March 18, 2013. Earlier this month the NYS Department of Labor released its annual revisions to the employment and unemployment data. As noted in an earlier blog entry, New York’s private payroll employment growth was revised upward and government employment was revised to show the loss of 59,000 state and local government jobs between December 2010 and December 2012.
In the revised unemployment data for 2011 and 2012 released by the Department of Labor, the unemployment trend replaces what had been a confusing spike in the unemployment rates for NYS to show a more smoothed out picture.
The pre-benchmark and post-benchmark picture is very similar for NYC, although the unemployment rate is higher for NYC.
While it is not unusual in a recovery to see a month or two where the unemployment moves higher as more people resume looking for work as the hiring situation improves. This adds to the labor force count, and if the labor force grows faster than employment in the household series, the unemployment rate would rise. Payroll employment numbers are from a monthly survey of businesses while the labor force and unemployment data are based on a monthly survey of households by the Census Bureau in conjunction with the U.S. Bureau of Labor Statistics.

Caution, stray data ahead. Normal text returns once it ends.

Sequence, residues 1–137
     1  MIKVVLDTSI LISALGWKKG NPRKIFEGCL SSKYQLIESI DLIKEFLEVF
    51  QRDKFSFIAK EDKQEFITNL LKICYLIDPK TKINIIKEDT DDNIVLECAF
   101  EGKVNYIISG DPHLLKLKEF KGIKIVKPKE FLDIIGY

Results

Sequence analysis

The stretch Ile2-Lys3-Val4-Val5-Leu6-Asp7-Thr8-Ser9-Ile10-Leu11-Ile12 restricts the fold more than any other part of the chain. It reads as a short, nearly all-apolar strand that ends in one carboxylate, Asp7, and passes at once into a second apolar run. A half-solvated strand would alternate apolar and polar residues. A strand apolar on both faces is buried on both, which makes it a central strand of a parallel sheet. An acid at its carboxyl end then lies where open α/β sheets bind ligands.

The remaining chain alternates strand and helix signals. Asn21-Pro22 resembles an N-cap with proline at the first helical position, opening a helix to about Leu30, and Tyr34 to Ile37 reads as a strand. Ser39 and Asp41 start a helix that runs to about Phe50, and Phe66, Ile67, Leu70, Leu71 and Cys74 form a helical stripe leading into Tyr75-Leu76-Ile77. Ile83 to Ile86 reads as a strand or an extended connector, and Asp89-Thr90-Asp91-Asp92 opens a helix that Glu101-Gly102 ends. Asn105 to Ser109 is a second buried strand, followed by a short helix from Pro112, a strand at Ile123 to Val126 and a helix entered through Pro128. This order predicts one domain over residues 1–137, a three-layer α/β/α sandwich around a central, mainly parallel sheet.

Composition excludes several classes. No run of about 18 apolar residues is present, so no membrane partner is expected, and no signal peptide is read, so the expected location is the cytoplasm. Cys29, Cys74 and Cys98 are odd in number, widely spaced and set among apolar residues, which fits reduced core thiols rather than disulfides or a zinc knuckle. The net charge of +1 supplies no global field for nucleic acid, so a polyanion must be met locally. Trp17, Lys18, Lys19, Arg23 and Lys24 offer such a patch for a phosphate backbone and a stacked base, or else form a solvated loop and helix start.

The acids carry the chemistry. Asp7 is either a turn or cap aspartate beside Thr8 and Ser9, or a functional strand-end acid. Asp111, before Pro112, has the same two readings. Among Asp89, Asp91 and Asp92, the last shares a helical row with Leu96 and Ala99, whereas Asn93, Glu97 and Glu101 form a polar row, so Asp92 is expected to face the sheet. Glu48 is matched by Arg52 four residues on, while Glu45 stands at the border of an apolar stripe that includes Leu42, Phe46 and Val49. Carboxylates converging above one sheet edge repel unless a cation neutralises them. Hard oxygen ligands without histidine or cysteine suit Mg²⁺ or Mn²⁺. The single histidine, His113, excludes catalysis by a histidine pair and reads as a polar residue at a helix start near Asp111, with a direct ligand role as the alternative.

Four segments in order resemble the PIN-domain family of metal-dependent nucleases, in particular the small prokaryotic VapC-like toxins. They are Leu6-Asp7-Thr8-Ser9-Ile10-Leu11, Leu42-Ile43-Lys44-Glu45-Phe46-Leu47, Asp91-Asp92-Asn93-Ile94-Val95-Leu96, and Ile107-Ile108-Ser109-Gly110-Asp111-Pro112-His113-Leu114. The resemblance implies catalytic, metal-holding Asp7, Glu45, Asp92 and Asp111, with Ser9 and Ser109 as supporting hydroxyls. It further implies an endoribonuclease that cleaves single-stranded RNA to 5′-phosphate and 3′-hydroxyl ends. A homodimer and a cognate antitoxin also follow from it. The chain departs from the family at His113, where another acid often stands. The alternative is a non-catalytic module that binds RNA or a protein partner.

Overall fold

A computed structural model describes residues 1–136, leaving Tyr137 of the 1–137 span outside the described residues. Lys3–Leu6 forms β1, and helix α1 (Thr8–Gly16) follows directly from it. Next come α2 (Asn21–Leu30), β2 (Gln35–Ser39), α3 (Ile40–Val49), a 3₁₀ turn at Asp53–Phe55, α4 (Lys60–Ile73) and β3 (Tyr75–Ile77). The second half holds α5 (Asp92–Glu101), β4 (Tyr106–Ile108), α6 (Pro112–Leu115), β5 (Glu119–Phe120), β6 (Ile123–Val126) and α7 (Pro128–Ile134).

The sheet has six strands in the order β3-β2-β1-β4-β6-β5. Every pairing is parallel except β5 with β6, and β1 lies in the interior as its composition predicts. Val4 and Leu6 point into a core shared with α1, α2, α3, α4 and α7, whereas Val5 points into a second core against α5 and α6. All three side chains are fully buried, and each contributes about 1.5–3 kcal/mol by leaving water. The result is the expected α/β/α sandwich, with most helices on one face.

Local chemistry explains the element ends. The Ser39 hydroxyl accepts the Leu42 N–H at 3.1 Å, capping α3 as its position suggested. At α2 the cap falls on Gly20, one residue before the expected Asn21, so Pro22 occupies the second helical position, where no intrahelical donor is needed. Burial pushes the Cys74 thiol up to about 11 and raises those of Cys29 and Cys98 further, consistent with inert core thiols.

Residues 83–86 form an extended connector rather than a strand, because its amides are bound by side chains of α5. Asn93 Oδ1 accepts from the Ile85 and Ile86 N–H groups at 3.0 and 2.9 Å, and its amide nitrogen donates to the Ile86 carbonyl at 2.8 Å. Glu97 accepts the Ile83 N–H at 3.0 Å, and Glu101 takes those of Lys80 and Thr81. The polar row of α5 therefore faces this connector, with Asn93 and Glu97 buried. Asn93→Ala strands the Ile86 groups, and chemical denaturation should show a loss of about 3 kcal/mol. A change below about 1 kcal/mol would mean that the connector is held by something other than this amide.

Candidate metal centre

However, in the middle of 2012, the pre-benchmarked NYS and NYC unemployment numbers were showing a fairly steady increase in the unemployment rate that pushed it about 1% higher than the level from the spring of 2011. This was puzzling to economists since NYS and NYC payroll job growth was steady and on a par with the nation during this period. However, as would be expected, the national unemployment rate was showing a steady downward trend while unemployment was reported as rising in NYS and NYC.
We had noted this anomalous situation in our The State of Working NewYork 2012 edition, and reviewed the data in more detail and with comparisons to the trends in other large states in a presentation prepared in the late fall.
The revised labor market data for NYS and NYC show more labor force growth in both 2011 and 2012 and with considerably higher household employment growth in both years. The revised data show unemployment falling fairly steadily in both NYS and NYC for the last several months of 2012.